Nigerian novelist and activist Chimamanda Ngozi Adichie said the The #MeToo movement may have given women’s rights a boost but the drive for gender equality still takes “two steps forward, and one step backwards”.
“The #MeToo movement in many parts of the world made it possible for women to start talking about things that women couldn’t talk about, so for me that’s progress of sorts,” the author said on the sidelines of a conference in the Chilean capital Santiago on Monday, January 13.
Adichie, whose TED talk, ‘We Should All Be Feminists,’ inspired a Beyonce song and a Christian Dior T-shirt collection, said women may be making strides in the workplace and public life, but still bear the lion’s share of domestic work.
“Often, it feels as though its two steps forward and one step backwards. We are talking about it but we haven’t quite found the solutions yet.”
She said children were still often being raised with “ingrained gender roles.”
“The idea of domestic work, for example, who does it, is it something people should be paid for?” she said. “In many countries across the world, it’s still thought of as something that women should do.”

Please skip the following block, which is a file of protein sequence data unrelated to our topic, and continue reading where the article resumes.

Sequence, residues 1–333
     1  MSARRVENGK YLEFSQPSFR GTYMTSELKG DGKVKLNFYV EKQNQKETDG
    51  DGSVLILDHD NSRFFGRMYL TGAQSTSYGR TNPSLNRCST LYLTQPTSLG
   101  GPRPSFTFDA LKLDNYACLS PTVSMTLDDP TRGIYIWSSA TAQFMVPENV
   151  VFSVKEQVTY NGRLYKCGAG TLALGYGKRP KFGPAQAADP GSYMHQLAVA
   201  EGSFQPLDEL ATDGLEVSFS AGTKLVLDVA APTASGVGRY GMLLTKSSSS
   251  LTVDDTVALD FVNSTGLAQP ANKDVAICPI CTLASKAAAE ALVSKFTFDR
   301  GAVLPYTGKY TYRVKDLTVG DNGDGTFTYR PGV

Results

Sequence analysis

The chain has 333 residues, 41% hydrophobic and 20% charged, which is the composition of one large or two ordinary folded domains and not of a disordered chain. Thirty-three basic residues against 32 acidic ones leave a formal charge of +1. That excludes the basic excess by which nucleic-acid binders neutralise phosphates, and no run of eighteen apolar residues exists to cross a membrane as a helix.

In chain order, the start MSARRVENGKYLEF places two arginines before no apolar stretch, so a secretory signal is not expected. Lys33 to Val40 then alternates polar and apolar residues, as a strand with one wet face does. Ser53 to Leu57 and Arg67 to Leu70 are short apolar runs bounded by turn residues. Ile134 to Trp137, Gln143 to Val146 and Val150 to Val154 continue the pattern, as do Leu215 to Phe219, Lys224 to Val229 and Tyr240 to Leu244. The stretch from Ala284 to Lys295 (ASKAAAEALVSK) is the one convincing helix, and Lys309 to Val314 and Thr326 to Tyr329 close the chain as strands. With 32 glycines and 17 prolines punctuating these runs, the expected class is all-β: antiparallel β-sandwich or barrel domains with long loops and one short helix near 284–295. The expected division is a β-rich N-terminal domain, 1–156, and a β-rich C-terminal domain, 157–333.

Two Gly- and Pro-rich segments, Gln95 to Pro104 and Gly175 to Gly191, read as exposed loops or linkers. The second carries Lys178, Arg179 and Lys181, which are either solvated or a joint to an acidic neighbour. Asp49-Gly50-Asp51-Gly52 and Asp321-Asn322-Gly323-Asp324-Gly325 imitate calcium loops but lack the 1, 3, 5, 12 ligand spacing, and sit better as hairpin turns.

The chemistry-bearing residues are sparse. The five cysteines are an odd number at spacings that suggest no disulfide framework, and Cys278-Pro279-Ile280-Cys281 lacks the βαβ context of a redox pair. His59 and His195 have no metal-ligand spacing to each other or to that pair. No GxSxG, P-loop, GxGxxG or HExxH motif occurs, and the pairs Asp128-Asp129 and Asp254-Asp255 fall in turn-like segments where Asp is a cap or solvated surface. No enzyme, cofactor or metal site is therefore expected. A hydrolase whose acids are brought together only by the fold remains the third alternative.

“Because of that, women are doing domestic work at home and also working outside the home. Women are now doubly burdened and so what can seem like equality really isn’t. In the future, we have to address that; otherwise, it will take women back even more.”
Adichie, whose award-winning novels – including Americanah, Purple Hibiscus and Half of a Yellow Sun – address issues of gender, race, identity and immigration, also took a swipe at U.S. President Donald Trump, saying his stricter approach to migration from Central and South America represented “cruelty for the sake of cruelty.”
“This administration has criminalised immigration in a way that I think is immoral,” she said. “Many people want to come to the U.S. not because they are criminals or bad people but because they want better for themselves.”
“I don’t think all countries should have open borders but what’s happening in the U.S., where children are being treated in the most horrendous way, is quite unnecessary. It’s cruelty for the sake of cruelty.” (Source: Thomson Reuters Foundation)